Man, that annoying ghost dog can go die… Oh, wait.
I’m running out of clever ways to start these things. So let’s use a traditional clumsy transition and get right into the thick of things. You know what’s thick? Luigi’s mustache. BOOM! Clumsy transition.
Because I’m talking about Luigi’s Mansion: Dark Moon. Technically it should be called Luigi’s Mansions: Dark Moon, because you go into multiple mansions. But I guess Nintendo’s keeping the branding the same to avoid confusing stupid people.
Ummm… Sorry if you’re stupid.
You know who is stupid? That ghost dog. He shows up in the story. (Nailed it.)
Once again Luigi is forced into ghost hunting by his old friend professor E. Gadd. Basically, there’s something that keeps the ghosts from becoming evil called the “Dark Moon” (I’m not the only one who can do clumsy transitions… Nintendo.) The Dark Moon is stolen by King Boo. It’s made pretty obvious that the king stole the Dark Moon because you can clearly see him throughout the game, it’s also pretty obvious that he trapped Mario in a painting, again. (I’m not spoiling anything, there’s literally a part in the first mansion where you see the painting covered by a tarp and E. Gadd says “That hat looks familiar.” So, only third graders would really be challenged by this mystery.) So if you were expecting a great and intriguing story, you can just smash that expectation early. I mean it’s Nintendo, remember the last time Nintendo tried to make an intriguing story? We got Other M. (Shudder) Basically. E. Gadd forces Luigi to suck up a bunch of ghosts using the new and improved Poltergust 5000, and yes it is new and improved. (There are some swanky new attachments.) That’s pretty much it. Also there’s this dog that shows up every mansion and steals something that you need to advance to the boss room so then you spend at least one mission chasing after him. So that kind of sucks.
You know what else sucks? The Poltergust 5000! (I am on fire today.) The Poltergust 5000 is just an improved model of the Poltergust 3000. (Don’t ask where the Poltergust 4000 went, because I’m still trying to figure that out myself.) The Poltergust 5000’s new thing is that instead of being able to turn the flashlight off, Luigi can just activate the strobe light which just makes the light flash real bright and stun ghosts. I can see why they did this. See, Luigi’s Mansion of the GameCube variety had a second analog stick, something the DS of the 3D lacks, so it’s easier to be able to shine your light on the ghosts than having to hold a button to turn it off and then turning it back on when a wild ghost appears. Also, you don’t have to wait for ghosts to become visible to flash your goods at them (Oh no. I’ve made a terrible error.) So it’s all G, Homie. Also there’s a Dark Light. (Yeesh, two flashlights and not a bright bulb in between them. (read that like your father would and the joke will make sense.)) The Dark Light allows you to find invisible things and Boos. (Oy, this Luigi is always trying to find Boos, he is bad influence.) It makes for interesting puzzle design. If you can’t make anything appear by shining the Dark Light around the room then you switch to using the Strobe Light and finally you just vacuum everything until something happens. (At least that’s what I did.) Here’s something else that happens.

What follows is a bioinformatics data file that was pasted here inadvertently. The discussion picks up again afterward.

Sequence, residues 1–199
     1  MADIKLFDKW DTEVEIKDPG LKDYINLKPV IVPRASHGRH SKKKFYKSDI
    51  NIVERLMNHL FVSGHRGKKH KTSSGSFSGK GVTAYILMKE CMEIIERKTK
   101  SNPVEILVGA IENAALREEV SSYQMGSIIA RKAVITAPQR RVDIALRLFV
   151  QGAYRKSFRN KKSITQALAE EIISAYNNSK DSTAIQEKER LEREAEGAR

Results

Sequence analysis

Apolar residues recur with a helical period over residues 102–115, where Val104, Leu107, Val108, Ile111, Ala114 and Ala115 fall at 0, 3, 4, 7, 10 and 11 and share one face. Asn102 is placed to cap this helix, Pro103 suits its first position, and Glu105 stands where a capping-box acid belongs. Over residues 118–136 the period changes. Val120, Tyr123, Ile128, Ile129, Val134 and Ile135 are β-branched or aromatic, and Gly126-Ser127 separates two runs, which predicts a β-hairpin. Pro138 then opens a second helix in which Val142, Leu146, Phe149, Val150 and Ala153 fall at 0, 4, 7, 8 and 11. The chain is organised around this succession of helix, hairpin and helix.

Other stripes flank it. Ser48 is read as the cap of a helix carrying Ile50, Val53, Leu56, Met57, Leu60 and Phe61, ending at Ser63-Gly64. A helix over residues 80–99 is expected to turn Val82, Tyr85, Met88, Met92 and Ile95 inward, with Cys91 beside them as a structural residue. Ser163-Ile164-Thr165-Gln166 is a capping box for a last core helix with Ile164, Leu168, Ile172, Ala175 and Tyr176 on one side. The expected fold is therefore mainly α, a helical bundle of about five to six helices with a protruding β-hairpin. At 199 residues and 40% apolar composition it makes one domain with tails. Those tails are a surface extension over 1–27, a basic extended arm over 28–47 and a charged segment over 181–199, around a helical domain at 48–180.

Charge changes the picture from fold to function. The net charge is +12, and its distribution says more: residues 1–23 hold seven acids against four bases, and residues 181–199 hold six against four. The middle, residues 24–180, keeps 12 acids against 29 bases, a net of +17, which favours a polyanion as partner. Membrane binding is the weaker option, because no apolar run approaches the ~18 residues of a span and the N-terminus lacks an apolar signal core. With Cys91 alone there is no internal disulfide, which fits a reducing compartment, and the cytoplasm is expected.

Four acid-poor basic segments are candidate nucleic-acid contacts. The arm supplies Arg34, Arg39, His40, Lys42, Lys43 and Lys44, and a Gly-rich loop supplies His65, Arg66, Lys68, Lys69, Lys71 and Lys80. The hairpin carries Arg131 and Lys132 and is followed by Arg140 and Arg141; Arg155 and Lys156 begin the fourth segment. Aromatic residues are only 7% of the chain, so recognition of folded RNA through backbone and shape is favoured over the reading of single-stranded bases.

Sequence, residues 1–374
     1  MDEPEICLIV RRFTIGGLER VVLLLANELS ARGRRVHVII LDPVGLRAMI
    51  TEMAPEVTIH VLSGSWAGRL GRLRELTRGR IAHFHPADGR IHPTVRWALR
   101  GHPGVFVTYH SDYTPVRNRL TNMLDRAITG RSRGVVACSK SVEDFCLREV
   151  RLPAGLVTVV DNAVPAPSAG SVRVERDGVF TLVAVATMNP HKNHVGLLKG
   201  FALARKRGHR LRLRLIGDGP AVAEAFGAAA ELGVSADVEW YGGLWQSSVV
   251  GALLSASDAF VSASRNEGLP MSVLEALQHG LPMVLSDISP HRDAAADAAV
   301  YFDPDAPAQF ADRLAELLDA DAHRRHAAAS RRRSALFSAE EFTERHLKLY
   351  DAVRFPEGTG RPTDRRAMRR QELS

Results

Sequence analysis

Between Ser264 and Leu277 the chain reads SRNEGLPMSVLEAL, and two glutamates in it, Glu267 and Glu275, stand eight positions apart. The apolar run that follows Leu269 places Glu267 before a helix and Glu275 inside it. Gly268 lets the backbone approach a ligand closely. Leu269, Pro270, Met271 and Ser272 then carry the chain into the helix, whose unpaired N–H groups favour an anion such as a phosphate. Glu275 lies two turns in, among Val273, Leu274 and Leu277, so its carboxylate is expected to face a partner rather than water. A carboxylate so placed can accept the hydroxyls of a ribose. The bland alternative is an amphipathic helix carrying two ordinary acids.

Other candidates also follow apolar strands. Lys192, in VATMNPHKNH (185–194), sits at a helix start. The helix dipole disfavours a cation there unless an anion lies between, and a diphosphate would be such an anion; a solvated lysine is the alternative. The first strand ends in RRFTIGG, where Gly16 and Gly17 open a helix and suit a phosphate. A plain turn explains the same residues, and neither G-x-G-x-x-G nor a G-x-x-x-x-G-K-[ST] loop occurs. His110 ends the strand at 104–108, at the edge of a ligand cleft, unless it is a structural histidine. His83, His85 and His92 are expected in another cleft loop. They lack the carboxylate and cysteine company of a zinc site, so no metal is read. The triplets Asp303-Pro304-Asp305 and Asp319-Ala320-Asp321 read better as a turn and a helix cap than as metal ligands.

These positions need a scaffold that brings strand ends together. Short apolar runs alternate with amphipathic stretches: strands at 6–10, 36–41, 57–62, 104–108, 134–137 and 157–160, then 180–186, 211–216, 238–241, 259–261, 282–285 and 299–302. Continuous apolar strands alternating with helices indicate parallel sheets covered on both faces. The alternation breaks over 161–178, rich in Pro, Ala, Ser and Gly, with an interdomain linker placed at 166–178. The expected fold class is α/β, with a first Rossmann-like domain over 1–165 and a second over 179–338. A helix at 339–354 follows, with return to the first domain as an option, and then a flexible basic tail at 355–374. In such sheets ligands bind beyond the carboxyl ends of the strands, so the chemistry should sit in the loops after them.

Luigi has really good animations. (Less awesome…)
That’s basically it. Luigi looks hilarious. When you walk around a room that’s cleared of ghosts he kind of has this smug stride to his step and when he starts running in a room filled with ghosts he’ll do a Scooby Doo style leg twirl before running away like a little school girl. And this game also made Toads slightly more bearable just due to how every time they help Luigi solve a puzzle he gives them a high-five and it’s super cute. (I AM ALLOWED TO LIKE CUTE THINGS!! ALRIGHT?!) You know what I don’t like?
I don’t like climbing over tightropes. (*fist pump* Hit my stride.)
Okay, who’s idea was this? Who looked at the 3DS and said, “Hey, you know what we need? Poorly implemented gyro-controls that are way too finicky yet somehow completely unresponsive.” And Shigeru Miyamoto’s just sitting in his office like “SHIP DAT OUTA TOWN, MAN! WE GOT DAH BEST IDEAS!” Yeah, it was kind like that. I mean. Yeah sure. You can use it to control the camera. You know what else controls a camera? A FRIGGIN SECOND ANALOG STICK! Ya retards. Okay, sure. You can use it to balance yourself while walking across tightropes. Umm… no, no you can’t. This is a broken game mechanic, I was literally seconds away from chucking my 3DS at a dolphin after my eleventh try and first game over at the first tightrope section. (You see Nintendo? Gyro-controls kill dolphins.) So, yes, I almost rage quit over something that could have been fixed just with some more planning. (And don’t tell me anything about turning off Gyro-controls. I was in such white-hot fury that I completely forgot that options were a thing.) You know what else is a thing?
Ratings are a thing. (I’m done with the poorly crafted transitions.)
So on a scale from [INSERT RANDOM THING THAT IS APPEALING TO ONE OF THE FIVE SENSES] to [INSERT OTHER RANDOM THING THAT IS LESS APPEALING TO THE SAME SENSE] Luigi’s Mansion: Dark Moon gets a [INSERT THING THAT IS PRETTY ATTRACTIVE TO THE SAME SENSE LISTED BEFORE, PREFERABLY LEMONS] Except for that gosh dang tightrope crap. That gets like a, prune or a piece of turd. You like that Nintendo? A little piece of turd? Just all up in your game? Obviously you do because you put it there.
So, yes. It’s a good game. It’s actually a great game. Just watch out for tightropes.